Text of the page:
This is a discussion on Re: why not doing a test that checks "name"-<email address> - SpamAssassin ; At 23:58 17-08-2007, aag_uk wrote: > >a) is probably going to be quite resource-intensive; > >I don=C2=B4t really know, according to Compared to all the checks performed on a message, it isn't. >My idea was that you could have a ...
At 23:58 17-08-2007, aag_uk wrote:
> >a) is probably going to be quite resource-intensive;
>I don=C2=B4t really know, according to
Compared to all the checks performed on a message, it isn't.
>My idea was that you could have a list that links each recipient to=
>names that could be used (basically first name, surname and possibly a=
>name), not necesary NIS or LDAP. About fuzzy matching I think it shouldn't
>be difficult to do. It=C2=B4s something like what Google does when you=
>something or enter something that is not "usual", it suggests you another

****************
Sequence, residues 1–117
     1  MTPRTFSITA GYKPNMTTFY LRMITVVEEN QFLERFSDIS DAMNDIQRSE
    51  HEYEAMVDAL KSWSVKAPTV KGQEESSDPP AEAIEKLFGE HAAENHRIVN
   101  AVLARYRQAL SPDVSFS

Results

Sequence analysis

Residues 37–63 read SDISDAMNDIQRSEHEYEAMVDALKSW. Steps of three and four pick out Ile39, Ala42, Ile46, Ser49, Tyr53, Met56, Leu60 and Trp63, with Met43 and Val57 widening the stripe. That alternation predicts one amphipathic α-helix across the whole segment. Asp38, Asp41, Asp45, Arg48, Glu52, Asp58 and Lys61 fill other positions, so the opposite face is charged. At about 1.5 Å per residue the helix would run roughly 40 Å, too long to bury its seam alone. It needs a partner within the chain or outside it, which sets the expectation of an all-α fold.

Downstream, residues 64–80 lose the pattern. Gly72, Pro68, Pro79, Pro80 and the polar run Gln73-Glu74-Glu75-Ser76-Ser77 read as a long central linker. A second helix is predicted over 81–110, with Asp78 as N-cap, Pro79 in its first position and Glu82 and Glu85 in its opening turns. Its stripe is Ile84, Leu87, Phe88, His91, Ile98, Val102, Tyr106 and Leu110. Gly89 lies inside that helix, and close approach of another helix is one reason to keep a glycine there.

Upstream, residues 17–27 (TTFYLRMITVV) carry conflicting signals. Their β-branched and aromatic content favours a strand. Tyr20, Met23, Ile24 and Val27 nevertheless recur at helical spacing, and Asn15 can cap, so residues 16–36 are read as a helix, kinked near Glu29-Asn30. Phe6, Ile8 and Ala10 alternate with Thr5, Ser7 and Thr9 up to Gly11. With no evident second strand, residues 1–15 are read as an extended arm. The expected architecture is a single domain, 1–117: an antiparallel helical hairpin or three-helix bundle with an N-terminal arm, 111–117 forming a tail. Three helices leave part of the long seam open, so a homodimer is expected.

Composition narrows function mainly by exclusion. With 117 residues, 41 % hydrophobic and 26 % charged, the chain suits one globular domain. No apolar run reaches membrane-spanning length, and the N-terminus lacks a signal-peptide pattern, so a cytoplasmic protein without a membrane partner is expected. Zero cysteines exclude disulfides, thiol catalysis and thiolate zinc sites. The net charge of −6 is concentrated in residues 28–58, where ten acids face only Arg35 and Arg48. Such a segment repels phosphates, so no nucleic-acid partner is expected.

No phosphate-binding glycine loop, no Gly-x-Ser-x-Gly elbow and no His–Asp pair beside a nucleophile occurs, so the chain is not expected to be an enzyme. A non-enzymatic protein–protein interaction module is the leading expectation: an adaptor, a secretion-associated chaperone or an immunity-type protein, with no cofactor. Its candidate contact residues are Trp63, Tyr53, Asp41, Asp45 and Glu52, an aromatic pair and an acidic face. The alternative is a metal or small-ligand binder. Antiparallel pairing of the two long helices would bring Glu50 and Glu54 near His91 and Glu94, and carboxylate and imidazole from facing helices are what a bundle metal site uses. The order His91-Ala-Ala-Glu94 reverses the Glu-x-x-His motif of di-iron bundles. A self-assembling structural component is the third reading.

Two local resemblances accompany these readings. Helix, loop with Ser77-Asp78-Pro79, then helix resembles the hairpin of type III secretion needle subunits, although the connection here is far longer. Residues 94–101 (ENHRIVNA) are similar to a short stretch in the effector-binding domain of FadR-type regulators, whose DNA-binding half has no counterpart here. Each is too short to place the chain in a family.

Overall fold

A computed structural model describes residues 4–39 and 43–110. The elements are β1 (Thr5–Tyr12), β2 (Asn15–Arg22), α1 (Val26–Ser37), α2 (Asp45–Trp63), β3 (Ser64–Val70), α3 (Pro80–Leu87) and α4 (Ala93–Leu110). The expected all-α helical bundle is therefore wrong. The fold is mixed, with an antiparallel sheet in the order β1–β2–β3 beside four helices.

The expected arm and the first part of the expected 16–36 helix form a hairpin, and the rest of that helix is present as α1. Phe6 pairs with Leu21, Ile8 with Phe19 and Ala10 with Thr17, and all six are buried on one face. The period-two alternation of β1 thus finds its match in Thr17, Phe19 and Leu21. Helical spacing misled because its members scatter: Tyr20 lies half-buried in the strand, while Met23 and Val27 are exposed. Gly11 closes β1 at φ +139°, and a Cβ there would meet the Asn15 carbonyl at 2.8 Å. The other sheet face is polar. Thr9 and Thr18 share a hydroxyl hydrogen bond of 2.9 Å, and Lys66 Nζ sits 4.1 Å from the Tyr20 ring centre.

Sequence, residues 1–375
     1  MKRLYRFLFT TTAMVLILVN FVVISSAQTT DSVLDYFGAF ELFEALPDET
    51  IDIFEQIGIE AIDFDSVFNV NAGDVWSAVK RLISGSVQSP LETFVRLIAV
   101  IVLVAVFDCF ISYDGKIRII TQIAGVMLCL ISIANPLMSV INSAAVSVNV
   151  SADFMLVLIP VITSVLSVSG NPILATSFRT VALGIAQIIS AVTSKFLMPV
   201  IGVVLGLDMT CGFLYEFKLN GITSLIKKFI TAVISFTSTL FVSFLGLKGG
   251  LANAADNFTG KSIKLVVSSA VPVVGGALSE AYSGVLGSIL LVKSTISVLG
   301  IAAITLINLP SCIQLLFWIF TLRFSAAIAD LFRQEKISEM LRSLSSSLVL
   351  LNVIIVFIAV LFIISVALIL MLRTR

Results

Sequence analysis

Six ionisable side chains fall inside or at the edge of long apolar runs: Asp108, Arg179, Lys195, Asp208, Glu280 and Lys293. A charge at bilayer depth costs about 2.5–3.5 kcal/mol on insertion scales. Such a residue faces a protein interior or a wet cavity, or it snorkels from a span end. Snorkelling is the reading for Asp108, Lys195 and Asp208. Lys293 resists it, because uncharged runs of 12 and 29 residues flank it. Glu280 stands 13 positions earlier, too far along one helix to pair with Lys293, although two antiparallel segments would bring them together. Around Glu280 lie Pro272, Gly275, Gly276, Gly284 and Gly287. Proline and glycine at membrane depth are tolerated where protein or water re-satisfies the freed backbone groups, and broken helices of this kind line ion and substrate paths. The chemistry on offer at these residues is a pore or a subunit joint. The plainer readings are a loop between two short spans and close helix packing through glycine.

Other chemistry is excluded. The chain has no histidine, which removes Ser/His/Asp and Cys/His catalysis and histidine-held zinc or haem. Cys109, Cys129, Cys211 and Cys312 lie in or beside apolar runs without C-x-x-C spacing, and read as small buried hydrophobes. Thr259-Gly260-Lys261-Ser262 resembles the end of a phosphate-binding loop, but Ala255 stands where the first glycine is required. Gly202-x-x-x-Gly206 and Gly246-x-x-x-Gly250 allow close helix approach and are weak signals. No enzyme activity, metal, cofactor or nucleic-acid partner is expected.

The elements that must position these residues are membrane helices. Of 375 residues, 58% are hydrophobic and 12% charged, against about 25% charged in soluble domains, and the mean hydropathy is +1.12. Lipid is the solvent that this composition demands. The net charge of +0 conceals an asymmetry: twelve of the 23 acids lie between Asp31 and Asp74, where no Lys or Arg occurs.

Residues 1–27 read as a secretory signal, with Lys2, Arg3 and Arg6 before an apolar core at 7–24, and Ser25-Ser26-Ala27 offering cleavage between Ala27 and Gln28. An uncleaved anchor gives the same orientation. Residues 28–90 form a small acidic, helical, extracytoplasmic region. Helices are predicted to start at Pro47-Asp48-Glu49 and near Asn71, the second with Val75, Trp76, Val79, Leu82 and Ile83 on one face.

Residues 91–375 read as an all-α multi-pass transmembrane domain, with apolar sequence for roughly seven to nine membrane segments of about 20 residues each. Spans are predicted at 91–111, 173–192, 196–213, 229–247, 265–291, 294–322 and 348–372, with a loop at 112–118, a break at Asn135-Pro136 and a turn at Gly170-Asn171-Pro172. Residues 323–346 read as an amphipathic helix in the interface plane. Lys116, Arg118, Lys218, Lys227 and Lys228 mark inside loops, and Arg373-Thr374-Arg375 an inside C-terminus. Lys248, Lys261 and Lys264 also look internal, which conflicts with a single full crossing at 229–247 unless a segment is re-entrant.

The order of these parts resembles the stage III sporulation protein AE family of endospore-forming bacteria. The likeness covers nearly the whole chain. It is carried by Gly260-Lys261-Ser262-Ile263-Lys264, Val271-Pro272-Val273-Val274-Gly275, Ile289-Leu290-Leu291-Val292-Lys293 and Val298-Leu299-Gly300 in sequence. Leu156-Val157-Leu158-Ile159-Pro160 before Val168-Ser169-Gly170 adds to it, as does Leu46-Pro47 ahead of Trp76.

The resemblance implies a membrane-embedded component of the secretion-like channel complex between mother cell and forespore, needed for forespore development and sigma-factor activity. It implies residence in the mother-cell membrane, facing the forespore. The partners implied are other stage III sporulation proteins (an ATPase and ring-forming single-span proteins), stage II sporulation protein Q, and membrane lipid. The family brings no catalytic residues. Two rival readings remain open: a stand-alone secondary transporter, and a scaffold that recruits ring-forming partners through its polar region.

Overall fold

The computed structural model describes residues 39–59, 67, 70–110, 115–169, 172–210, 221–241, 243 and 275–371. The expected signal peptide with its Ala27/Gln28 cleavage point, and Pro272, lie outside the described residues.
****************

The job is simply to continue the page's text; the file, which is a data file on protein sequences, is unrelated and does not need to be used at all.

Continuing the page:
>search and, in my opinion, its guess is usually very good.
That's not how "names" work in practice. It may=20
take more than a lookup in your system database.
It's not difficult but it requires some work to=20
understand the naming conventions. That may not=20
be possible in a heterogeneous environment. The=20
fuzzy matching is not that easy. Once you get=20
into that, you turn the process into a resource intensive one.
>well, maybe if you have thousands of users in your domain and you want to
>enter the names-recipient links (as I explained in the previous paragraph)
>for the first time, it will require a lot of work. In my case I have about
>100 recipients and from time to time I have to add new ones; so, that
>wouldn't be a problem.
It's only a name/recipient link if we make an=20
assumption about the "display name". Once this=20
becomes a general rule, it will be circumvented.
I already have one case where this rule would=20
have the adverse of the intended effect.